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Genetic Testing for Hereditary Cancer and Solid Tumors

Cancer is a genetic disease, which results from changes (mutations) in specific genes. Due to genetic changes, cancer cells multiply uncontrollably to form solid tumors.

The development of cancer in an organism is due to various factors, which concern either the genetic background of the individual (hereditary factors), or his environment and lifestyle. Examples of hereditary predisposition to cancer are familial breast and ovarian cancer due to mutations in the BCRA1 and BCRA2 genes, familial polyposis of the colon and inherited non-polypodic colon cancer.

Genetic testing for the predisposition to cancer helps in the early diagnosis and prevention of the person with a family history of the disease, as well as in the application of the most appropriate treatment protocol in a person with the disease.

The individual treatment of each patient aims to create a treatment based on the biological characteristics of the cancer cell and their effect on the clinical manifestation of the disease. Many solid tumors, such as breast cancer, can be differentiated, depending on their molecular basis, into different forms (subtypes) and treated with different therapeutic approaches.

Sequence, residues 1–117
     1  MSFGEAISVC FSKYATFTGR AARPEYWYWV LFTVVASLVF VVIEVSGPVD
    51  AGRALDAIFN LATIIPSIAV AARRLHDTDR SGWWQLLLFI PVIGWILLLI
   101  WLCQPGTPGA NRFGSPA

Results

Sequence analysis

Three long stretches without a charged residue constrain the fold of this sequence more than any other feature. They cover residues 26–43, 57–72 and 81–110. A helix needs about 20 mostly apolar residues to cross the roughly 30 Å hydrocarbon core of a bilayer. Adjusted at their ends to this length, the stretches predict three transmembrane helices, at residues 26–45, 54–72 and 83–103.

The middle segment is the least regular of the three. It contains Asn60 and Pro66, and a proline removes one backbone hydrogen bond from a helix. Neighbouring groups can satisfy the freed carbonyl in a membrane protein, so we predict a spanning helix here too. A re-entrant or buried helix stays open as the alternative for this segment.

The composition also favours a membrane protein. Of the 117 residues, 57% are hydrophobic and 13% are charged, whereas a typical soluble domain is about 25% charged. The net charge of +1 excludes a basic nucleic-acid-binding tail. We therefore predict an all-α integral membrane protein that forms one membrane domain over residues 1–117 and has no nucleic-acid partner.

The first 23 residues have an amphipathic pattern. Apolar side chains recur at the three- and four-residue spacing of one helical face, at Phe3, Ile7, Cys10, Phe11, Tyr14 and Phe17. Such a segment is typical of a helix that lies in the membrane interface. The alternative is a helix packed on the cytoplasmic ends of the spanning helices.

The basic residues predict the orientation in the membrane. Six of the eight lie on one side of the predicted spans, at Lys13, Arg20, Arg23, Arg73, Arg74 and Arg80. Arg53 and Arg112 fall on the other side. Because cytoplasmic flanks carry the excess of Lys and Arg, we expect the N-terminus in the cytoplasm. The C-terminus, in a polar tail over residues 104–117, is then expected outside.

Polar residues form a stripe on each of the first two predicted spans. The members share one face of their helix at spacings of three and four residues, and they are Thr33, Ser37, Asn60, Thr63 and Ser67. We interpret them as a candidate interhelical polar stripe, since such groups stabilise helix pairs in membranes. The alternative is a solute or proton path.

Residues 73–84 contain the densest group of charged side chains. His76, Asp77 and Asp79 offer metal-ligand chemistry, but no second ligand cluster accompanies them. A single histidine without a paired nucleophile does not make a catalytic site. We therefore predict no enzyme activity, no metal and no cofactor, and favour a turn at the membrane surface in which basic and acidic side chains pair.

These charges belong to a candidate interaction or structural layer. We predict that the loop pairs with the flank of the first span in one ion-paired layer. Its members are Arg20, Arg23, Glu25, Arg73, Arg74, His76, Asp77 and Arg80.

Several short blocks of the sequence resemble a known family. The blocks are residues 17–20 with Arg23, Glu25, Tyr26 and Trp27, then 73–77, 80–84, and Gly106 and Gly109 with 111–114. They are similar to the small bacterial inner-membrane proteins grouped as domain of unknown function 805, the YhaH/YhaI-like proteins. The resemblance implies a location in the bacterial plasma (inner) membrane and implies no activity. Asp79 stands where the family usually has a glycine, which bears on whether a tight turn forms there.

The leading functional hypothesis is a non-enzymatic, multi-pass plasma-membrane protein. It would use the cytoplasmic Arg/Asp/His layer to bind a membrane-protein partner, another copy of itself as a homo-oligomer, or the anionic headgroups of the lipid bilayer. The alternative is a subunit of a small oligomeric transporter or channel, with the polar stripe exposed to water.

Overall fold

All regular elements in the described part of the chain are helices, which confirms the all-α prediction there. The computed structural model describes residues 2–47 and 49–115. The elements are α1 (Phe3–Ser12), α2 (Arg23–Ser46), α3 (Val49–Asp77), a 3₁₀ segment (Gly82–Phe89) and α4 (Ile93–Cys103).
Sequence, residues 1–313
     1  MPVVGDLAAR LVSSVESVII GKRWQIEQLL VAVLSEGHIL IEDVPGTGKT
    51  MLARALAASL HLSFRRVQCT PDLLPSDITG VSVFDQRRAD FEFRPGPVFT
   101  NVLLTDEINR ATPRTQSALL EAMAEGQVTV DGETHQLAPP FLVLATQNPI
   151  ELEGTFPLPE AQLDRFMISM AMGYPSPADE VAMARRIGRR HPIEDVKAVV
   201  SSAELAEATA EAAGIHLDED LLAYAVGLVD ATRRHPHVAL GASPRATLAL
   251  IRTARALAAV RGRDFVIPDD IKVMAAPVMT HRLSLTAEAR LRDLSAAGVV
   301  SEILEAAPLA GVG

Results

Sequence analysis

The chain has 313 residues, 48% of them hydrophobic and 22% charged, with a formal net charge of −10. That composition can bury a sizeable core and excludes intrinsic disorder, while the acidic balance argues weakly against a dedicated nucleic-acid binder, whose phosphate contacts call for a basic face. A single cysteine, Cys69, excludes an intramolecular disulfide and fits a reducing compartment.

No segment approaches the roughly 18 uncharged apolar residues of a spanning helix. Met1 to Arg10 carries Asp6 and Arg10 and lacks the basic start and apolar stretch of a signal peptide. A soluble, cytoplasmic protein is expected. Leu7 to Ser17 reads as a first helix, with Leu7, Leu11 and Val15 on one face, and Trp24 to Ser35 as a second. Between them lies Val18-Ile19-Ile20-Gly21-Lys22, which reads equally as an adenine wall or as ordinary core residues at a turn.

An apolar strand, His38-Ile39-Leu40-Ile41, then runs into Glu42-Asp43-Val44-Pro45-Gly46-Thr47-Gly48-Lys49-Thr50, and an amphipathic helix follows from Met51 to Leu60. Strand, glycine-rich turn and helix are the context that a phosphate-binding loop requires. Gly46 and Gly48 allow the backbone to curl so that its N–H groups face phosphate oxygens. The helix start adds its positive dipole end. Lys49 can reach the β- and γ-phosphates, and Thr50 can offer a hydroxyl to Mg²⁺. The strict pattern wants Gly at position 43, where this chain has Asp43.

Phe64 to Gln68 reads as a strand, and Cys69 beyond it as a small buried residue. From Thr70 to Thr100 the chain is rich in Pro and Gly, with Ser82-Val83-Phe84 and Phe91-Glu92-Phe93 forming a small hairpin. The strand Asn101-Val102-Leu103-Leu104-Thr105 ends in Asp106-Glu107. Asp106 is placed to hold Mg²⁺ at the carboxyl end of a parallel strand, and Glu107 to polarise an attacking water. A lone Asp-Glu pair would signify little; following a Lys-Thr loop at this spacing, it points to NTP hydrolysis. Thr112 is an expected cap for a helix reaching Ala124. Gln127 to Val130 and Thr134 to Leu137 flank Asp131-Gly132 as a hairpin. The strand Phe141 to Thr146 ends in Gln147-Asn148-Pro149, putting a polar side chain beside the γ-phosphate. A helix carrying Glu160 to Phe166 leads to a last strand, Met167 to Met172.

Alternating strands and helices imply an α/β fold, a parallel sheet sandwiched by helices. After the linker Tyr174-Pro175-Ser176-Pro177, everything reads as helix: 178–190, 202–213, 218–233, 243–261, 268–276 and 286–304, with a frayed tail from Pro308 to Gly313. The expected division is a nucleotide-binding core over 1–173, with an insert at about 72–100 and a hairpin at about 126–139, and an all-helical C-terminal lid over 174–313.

The development of new medication, which act on target molecules of cancer cells, has significantly improved the response to treatment and has extended the life expectancy of patients. Also, by evaluating the genetic profile of the tumor, the ‘’aggression’’ of the cancer can be controlled and more intensified treatment can be followed, or on the contrary, in milder cases, the administration of heavy treatment can be avoided, which often leads to undesirable side effects.